Medicine of the Future in America

Preventing Ventilator-Associated Pneumonia in Adults: Transfusion Risk

Preventing Ventilator-Associated Pneumonia in Adults: Transfusion RiskAlthough transfusion was suggested as a risk factor of nosocomial infection and a modifiable risk factor for VAP in the American Thoracic Society/Infectious Diseases Society of America guideline, in a secondary analysis from a recent, large study of transfusions, it was identified as an independent risk factor for VAP. This may become a more important modifiable risk factor, as recent data from Levy and coworkers reported that patients receiving mechanical ventilation received transfusions at a higher pretransfusion hemoglobin level than patients not receiving mechanical ventilation (8.7 vs 8.2, p < 0.0001).
Oral care has been recommended to prevent VAP in several studies. In a recent study, Mori and coworkers compared rates of VAP in a nonrandomized group compared with historical control subjects. Incidence of VAP in the oral care group was 3.9 episodes/1,000 days vs 10.4 episodes in the control group. Although there are concerns about the study design, oral care has intuitive benefits and limited cost. Reading here
The GI tract, VAP, and the clinical evidence for the efficacy of selective decontamination of the digestive tract (SDD) were recently review by Kallet and Quinn. Furthermore, Liberati and coworkers published an extensive review of antibiotic prophylaxis to reduce respiratory tract infections in adults receiving intensive care. The authors conclude that for topical and systemic antibiotic prophylaxis, 5 patients would need to be treated to prevent one infection and 21 patients would need to be treated to prevent one death. No recommendation was made for topical prophylaxis. In a recent large study of SDD by de Jonge and coworkers in 2003, SDD was highly effective with no increased antibiotic resistance observed. Citing concerns over rapid increases in antimicrobial resistance in the hospital setting, coupled with the association between MDR pathogens and poorer patients outcomes and the dearth of new antimicrobial agents in the pipeline, recent guidelines have suggested that SDD should considered for selected ICU populations and clinical scenarios but not be employed “routinely” for VAP prevention. Topical antiseptics, such as chlorhexidine, provide an attractive alternative, but the initial reported success in cardiac surgery patients could not be confirmed by other studies. Koeman and cowork-ers provide further important data from a multicenter, double-blind, randomized, clinical trial of VAP outcomes for subjects treated with 2% chlo-rhexidine paste vs patients randomized to 2% chlo-rhexidine plus 2% colistin paste to provide greater activity against Gram-negative bacilli compared to placebo. Compared to the placebo group, the daily risk of VAP was reduced by 65% in the chlorhexidine group (p =.01) and 55% in the chlorhexidine-colis-tin group (p < 0.03).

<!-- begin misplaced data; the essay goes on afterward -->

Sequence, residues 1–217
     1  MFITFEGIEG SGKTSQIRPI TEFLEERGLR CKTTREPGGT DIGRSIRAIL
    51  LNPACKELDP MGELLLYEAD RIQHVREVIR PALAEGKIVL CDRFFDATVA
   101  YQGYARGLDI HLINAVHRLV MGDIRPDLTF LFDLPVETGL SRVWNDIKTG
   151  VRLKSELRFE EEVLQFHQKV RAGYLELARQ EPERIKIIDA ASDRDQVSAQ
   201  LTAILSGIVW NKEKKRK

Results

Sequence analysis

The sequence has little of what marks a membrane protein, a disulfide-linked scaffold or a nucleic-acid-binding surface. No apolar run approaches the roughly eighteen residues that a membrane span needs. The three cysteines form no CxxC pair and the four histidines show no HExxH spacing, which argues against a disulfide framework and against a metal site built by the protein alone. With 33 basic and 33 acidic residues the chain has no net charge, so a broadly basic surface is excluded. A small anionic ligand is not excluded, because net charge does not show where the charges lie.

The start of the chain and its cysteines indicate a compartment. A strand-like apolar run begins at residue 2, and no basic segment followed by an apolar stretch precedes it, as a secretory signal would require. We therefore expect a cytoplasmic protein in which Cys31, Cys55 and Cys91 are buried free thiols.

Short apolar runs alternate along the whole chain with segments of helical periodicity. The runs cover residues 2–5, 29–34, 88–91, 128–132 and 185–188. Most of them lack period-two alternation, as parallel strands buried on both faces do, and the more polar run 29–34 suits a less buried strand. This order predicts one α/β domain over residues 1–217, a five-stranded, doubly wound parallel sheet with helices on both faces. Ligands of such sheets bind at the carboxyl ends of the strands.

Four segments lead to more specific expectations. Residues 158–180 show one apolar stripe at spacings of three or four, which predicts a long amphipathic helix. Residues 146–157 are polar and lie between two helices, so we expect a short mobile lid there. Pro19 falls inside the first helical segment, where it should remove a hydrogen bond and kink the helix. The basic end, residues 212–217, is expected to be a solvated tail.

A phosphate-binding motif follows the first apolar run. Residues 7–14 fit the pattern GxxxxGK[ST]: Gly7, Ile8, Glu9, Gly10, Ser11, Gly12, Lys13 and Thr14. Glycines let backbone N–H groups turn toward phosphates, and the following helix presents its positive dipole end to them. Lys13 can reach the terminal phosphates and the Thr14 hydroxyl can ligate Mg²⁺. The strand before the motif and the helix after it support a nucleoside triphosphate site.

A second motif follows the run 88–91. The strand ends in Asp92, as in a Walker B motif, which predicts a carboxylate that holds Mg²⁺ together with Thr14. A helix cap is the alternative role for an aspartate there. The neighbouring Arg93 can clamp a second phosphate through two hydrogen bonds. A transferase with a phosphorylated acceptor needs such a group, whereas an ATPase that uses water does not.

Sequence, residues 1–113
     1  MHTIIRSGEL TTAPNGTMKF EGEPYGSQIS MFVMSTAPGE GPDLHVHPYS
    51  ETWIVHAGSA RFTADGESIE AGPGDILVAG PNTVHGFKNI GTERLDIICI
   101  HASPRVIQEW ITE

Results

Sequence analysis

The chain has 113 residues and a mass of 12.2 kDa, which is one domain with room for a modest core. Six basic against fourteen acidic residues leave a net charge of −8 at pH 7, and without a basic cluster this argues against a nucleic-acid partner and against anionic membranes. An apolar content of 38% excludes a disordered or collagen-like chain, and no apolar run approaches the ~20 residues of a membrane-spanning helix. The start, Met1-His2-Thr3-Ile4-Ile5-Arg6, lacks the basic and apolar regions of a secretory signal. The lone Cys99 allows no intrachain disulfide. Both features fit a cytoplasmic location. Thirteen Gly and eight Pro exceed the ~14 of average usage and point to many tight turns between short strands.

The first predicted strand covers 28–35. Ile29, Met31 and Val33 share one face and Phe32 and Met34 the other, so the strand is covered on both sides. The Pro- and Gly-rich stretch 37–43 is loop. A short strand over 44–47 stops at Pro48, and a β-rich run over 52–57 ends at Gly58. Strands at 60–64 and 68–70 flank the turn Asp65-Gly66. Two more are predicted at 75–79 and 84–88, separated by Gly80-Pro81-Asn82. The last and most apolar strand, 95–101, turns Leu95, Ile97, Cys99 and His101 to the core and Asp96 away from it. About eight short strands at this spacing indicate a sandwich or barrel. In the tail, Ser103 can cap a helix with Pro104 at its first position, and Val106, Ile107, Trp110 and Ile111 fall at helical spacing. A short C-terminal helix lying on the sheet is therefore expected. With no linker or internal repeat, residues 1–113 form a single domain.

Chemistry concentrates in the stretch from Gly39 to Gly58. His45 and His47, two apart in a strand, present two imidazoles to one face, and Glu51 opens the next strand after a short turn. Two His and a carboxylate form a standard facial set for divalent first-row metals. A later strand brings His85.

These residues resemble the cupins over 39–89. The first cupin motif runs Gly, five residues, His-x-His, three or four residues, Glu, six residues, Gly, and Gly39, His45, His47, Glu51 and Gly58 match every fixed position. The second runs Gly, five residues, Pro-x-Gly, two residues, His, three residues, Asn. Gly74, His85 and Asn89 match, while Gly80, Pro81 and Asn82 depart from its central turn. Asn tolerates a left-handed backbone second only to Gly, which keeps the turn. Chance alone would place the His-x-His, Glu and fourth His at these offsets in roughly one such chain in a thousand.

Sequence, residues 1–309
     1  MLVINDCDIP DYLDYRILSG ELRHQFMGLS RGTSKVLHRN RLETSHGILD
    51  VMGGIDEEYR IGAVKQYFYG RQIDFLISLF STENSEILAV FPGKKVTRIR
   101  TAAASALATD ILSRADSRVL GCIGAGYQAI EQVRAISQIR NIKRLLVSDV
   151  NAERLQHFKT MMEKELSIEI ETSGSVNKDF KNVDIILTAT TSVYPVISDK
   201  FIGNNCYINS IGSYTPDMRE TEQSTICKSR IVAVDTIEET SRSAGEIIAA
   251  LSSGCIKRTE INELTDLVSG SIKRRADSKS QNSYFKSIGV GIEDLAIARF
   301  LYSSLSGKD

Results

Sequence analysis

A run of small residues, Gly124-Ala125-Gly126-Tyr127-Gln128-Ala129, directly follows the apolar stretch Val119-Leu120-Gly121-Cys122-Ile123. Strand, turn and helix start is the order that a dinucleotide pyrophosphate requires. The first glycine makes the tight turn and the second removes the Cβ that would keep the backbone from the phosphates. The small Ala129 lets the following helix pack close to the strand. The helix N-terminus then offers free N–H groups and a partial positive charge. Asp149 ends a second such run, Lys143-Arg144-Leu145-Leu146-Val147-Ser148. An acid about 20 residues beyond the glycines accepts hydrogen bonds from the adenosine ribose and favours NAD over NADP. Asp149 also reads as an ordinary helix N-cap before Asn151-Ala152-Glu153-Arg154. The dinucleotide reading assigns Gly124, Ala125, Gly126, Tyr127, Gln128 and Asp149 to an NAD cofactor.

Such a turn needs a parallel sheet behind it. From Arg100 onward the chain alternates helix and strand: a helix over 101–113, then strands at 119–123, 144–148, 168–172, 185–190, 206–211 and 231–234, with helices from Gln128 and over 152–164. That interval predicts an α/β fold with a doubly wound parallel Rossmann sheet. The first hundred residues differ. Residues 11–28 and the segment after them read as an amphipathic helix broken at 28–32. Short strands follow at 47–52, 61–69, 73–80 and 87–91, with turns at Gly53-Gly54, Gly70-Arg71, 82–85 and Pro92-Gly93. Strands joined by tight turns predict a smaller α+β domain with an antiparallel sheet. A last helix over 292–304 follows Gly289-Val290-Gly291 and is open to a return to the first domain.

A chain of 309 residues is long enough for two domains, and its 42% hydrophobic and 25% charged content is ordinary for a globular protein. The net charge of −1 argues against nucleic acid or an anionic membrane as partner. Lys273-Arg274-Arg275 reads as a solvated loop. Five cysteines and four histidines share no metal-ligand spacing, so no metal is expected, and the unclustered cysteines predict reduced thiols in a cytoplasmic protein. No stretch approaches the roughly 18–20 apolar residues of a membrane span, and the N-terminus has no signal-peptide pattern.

This entry was posted in Pulmonary function and tagged antibiotics, evidence-based data, guidelines, infection control, Institute for Healthcare Improvement, intensive care, prevention of hospital-acquired pneumonia, ventilator-associated pneumonia.
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